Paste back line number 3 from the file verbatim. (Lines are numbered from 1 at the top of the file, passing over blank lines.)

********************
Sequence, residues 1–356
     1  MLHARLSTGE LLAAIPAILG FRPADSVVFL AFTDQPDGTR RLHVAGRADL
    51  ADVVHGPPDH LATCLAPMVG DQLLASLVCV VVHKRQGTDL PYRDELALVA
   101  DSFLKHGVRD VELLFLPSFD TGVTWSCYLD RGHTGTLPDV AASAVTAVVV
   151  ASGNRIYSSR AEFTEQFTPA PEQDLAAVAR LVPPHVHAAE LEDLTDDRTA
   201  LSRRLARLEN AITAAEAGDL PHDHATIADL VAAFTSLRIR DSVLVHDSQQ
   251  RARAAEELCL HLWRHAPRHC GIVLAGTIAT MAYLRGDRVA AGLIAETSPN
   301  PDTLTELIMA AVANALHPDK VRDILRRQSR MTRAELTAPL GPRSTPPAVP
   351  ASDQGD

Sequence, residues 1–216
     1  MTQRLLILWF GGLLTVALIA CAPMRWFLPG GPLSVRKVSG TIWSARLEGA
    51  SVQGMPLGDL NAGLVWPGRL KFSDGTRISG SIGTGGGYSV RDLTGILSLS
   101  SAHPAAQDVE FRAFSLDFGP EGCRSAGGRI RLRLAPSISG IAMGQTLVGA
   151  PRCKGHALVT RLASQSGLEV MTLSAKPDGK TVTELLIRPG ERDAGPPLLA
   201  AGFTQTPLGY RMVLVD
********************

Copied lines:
    51  ADVVHGPPDH LATCLAPMVG DQLLASLVCV VVHKRQGTDL PYRDELALVA